How do I say this nicely? Um, please don’t shake my hand.
No, really, don’t. I’d love to get a hug, but as some of you experienced last Sunday, I didn’t use my right hand to shake hands. I did the somewhat awkward left hand shake, a few high fives, and of course a few hugs. I can’t shake hands because my right hand just plain hurts.
I don’t particularly want to write this post for lots of reasons. I don’t want to tell you that I’m in pain. I know there are lots of folks who are way worse off than I am in our congregation, in your lives, and in the world. I’d rather focus on what I can do instead of what I can’t. And if I tell you about the hard times in my life, I’d rather show you how they’ve changed me, strengthened me, and shaped me into who I am today.
But I have to write this post. Most obviously because I can’t shake hands on Sunday. But I also have to write it for just the reasons I named above.
Nope, things aren’t dire for me. I am in pain. I have lived through severe pain before, and I can this time. But this is also what’s going on in my life right now, and you and I are on this walk together. You trust me enough to open your lives and share not just your joys, but you also share your pain and sorrow.
There will most likely always be someone worse off than us. But that doesn’t mean that what I am experiencing is any less painful because of that (thanks for the reminder, Mom). The situations of others helps me to put my pain in perspective, but it does not diminish what I am going through. It also makes me more empathic when you share your pain with me.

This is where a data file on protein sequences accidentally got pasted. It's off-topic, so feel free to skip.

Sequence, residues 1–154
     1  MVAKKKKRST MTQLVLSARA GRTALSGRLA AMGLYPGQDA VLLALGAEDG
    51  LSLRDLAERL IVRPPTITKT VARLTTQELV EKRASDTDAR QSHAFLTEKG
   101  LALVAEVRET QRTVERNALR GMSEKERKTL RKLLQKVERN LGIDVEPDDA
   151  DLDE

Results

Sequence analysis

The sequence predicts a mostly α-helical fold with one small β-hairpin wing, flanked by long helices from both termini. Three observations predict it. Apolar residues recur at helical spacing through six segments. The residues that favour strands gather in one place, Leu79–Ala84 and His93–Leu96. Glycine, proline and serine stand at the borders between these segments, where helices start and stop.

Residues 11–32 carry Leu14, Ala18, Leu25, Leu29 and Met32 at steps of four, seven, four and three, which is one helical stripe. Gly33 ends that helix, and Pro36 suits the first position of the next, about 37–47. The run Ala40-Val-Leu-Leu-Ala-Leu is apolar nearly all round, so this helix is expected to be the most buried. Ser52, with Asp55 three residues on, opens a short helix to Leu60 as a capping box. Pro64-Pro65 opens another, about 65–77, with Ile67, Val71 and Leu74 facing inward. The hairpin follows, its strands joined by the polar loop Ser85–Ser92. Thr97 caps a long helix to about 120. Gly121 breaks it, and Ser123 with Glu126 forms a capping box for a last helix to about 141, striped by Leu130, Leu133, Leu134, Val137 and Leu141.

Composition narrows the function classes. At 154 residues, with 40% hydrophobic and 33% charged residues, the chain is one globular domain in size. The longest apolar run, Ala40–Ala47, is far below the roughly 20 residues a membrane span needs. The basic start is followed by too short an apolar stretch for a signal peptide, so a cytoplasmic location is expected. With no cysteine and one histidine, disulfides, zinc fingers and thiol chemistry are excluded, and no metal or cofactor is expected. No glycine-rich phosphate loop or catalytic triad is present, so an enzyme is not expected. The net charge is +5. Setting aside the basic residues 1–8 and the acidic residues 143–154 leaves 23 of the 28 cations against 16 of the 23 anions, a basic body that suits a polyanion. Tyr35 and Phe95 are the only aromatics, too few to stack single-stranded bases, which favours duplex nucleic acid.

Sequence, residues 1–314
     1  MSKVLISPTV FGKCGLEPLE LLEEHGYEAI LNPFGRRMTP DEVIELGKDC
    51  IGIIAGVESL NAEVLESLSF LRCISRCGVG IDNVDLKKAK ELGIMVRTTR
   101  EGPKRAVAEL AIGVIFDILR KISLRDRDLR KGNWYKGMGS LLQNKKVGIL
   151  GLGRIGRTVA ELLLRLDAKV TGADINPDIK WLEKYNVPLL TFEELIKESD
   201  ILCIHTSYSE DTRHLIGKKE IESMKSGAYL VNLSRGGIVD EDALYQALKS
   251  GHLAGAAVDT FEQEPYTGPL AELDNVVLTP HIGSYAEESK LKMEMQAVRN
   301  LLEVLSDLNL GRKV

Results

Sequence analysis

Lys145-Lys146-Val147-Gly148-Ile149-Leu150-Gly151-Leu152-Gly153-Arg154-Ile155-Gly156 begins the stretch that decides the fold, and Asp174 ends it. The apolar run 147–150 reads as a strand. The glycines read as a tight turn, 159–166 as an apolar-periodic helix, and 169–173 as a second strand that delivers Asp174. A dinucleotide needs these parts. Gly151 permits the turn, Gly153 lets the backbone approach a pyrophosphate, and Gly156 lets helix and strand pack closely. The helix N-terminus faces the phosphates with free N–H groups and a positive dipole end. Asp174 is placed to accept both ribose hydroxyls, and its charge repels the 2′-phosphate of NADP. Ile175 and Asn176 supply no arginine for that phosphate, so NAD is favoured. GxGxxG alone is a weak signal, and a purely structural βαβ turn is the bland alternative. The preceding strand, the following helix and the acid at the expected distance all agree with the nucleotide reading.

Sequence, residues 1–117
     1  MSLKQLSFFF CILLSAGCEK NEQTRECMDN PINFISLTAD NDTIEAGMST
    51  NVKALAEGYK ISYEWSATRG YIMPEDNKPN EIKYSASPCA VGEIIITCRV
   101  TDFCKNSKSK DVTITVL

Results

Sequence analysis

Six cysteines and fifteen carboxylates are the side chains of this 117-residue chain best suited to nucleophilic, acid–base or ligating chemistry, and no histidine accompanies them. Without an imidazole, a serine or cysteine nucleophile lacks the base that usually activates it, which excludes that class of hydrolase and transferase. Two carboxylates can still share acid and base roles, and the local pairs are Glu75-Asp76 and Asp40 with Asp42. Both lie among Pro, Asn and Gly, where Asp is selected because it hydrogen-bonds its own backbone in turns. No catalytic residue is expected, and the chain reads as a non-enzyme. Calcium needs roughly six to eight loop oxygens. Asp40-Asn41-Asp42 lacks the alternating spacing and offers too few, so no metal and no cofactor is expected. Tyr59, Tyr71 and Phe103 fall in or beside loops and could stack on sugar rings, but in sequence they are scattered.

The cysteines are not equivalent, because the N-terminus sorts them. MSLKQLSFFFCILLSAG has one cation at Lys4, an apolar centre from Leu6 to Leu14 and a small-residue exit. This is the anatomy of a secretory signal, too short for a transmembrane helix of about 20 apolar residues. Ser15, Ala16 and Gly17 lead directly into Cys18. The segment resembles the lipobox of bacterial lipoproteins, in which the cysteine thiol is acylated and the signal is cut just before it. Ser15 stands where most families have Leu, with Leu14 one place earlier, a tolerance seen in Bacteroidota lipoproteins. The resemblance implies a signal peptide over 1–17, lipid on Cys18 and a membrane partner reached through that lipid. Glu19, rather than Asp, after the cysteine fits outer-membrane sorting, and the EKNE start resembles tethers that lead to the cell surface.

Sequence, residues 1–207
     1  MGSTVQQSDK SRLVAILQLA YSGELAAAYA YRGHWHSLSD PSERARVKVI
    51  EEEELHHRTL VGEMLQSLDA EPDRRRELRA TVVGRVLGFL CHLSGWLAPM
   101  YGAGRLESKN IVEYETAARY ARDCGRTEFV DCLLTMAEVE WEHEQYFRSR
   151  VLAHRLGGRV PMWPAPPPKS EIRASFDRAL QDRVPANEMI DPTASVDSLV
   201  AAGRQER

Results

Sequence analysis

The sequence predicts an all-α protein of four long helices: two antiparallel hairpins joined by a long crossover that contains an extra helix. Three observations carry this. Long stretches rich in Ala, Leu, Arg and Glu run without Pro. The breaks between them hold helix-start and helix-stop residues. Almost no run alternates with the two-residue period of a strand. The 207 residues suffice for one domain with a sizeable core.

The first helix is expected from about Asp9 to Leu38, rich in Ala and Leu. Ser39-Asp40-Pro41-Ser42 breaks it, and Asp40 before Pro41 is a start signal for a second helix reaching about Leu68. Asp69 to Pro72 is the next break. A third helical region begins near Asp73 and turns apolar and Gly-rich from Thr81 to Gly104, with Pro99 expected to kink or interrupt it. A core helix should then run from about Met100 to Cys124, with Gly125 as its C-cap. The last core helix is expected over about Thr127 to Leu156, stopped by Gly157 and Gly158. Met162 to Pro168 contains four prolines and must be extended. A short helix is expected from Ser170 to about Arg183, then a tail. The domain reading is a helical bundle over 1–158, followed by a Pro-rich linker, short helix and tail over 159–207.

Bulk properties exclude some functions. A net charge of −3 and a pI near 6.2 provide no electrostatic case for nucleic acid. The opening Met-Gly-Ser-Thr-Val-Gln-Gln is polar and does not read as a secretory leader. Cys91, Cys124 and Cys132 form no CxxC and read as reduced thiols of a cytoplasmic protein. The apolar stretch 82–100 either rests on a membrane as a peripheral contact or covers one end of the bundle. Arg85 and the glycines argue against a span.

And yes, one day I’ll share the stories of my hard times and how they’ve formed me. But that’s for another day. I trust I’ll know the right time.
Right now I’m just beginning this journey. It’s only been a few weeks, and I have no idea how much longer it will last. I don’t know if things will get worse before the get better. But I do know there will be days like today where I am distracted and not very good at focusing as I wait for the doctor’s office to call back with test results. I ask for your grace on those days, and I couldn’t ask for that grace without telling you.
So what is “it” you ask? As best we know, rheumatoid arthritis. In fact, I’ve pretty much been waiting for this diagnosis for the last decade. It’s in my blood. My mother, aunt and cousin are already walking this journey, and I’m thankful to have their wise footsteps to follow. I’m also thankful to have the support of many of you in the congregation (and on Facebook) who are also on this journey.
So here’s the thing: I’m still Jo. I’m still peppy and winsome, I’m still going to dance and make you do arts and crafts. I just happen to have this pain thing going on, too. Give me hugs and say prayers, but there’s no need to overdo it. Just remember- don’t shake my hand when we say adieu.